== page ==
A surge in Vista-driven PC sales will temporarily dilute Apple's share of the computer market, according to a financial analyst - even though his own survey of a US electronics chain found most stores have sold fewer copies of Windows Vista than expected.
In a note to investors, Piper Jaffray & Co analyst Gene Munster said that the pent-up demand for Vista will put more Windows-equipped PCs in customers' hands in the January-March quarter of 2007. That, in turn, means Apple's share of the market will slip slightly, from 2.5 percent in December 2006 to 2.3 percent in March 2007.
Even so, Munster found that of 50 Best Buy stores in the US, 80 percent had sold fewer copies of Vista than they had anticipated. Still, 72 percent of those stores claimed that Vista is driving PC sales. Furthermore, research firm NPD said demand for Windows Vista during launch week was significantly below that for Windows XP during the latter's first week on sale.
The Mac market share dip doesn't necessarily mean Apple will sell fewer computers. Instead, Munster said that the Vista-boosted uplift in overall PC sales gives Apple the opportunity to sell even more Macs.
"As PC buyers consider upgrading to Vista, which in many cases involves the purchase of a new computer, Apple is recognising its opportunity to gain mind share with consumers," Munster said in his report. "The company views this season of Vista-related computer purchases as an opportunity to sell more Macs."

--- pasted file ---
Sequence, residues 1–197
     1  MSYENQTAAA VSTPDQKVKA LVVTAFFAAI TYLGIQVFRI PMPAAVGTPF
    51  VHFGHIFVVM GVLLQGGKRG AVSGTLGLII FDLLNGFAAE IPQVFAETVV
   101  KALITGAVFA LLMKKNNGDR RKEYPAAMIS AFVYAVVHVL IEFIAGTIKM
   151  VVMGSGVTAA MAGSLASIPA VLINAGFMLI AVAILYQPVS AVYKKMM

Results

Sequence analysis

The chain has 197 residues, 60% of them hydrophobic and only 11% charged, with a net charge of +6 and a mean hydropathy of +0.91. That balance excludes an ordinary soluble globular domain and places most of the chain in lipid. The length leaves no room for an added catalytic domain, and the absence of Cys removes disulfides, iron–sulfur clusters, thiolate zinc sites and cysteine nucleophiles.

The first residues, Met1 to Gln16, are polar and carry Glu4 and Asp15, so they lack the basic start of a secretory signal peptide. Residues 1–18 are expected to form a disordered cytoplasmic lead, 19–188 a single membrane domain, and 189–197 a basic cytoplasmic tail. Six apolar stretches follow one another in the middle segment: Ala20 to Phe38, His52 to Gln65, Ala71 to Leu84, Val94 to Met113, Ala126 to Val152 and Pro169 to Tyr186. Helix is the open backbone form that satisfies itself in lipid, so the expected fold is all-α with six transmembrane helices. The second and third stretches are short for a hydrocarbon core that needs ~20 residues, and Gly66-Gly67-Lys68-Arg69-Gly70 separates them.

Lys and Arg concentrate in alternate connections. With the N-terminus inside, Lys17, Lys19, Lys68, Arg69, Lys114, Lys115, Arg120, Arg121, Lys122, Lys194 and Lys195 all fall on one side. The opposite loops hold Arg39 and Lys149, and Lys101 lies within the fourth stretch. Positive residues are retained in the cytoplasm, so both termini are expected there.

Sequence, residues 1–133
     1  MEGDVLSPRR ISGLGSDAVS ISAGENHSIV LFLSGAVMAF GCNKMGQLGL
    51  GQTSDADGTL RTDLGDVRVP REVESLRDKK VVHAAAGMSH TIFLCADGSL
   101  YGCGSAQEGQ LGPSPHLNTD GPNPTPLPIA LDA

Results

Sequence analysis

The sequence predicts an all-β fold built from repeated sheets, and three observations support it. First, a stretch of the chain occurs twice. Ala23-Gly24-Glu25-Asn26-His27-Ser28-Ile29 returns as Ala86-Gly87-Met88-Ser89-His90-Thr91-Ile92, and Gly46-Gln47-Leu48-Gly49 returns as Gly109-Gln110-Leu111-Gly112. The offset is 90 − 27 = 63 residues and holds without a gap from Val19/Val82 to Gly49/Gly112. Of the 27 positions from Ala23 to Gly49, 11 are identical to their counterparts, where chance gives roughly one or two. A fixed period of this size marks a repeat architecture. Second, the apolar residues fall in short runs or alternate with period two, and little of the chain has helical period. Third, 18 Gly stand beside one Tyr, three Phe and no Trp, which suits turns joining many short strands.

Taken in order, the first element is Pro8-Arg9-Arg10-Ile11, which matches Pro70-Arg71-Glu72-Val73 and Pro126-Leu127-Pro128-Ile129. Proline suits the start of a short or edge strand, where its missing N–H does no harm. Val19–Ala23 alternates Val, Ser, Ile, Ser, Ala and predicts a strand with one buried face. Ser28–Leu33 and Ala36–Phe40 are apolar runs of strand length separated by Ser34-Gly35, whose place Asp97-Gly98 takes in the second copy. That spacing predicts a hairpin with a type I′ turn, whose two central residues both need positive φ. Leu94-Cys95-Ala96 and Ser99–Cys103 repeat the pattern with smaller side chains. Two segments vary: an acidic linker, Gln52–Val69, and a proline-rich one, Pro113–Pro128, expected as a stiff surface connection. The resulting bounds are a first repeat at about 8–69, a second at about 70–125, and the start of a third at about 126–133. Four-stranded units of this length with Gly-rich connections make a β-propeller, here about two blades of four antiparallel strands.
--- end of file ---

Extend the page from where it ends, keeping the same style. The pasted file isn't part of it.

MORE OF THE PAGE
In its most recently reported sales figures, Apple said it had sold 1.6 million machines in the last three months of 2006, virtually the same number it sold in the previous three months.
Later in 2007, Munster said Apple will reap rewards from the release of its new operating system, Mac OS X 10.5, known as Leopard. The new operating system, tagged with a vague release date of spring by Apple executives, will add $130m in revenues to the quarter ending 30 June, said Munster.
"Assuming a late April launch, this would lead to Leopard shipping 2.6 million copies in the first month of availability and adding $456m to FY07, shipping about 9 million copies in the first year," projected Munster. By comparison, Apple listed revenues of $347m in the last quarter of 2006 under the "Software, Services and Other Sales" category.
Munster predicted that 40 percent of Mac users will upgrade to Leopard, a figure similar to the percentage that moved up to Mac OS X 10.4 Tiger when it rolled out in April 2005.
Munster also said that in the long term, Apple is well placed to boost its market share, especially because of its strength in laptop sales, a part of the hardware pie that has been growing most rapidly. "We are confident that Mac market share will rise; as the PC market shifts toward portables, Apple's market share will benefit from higher share in this category."
In the last three months of 2006, for example, Apple sold 969,000 portables and 637,000 desktops. The number of Mac laptops sold jumped 65 percent over the same period the year before, while desktop units sold dropped by 4 percent during that same time.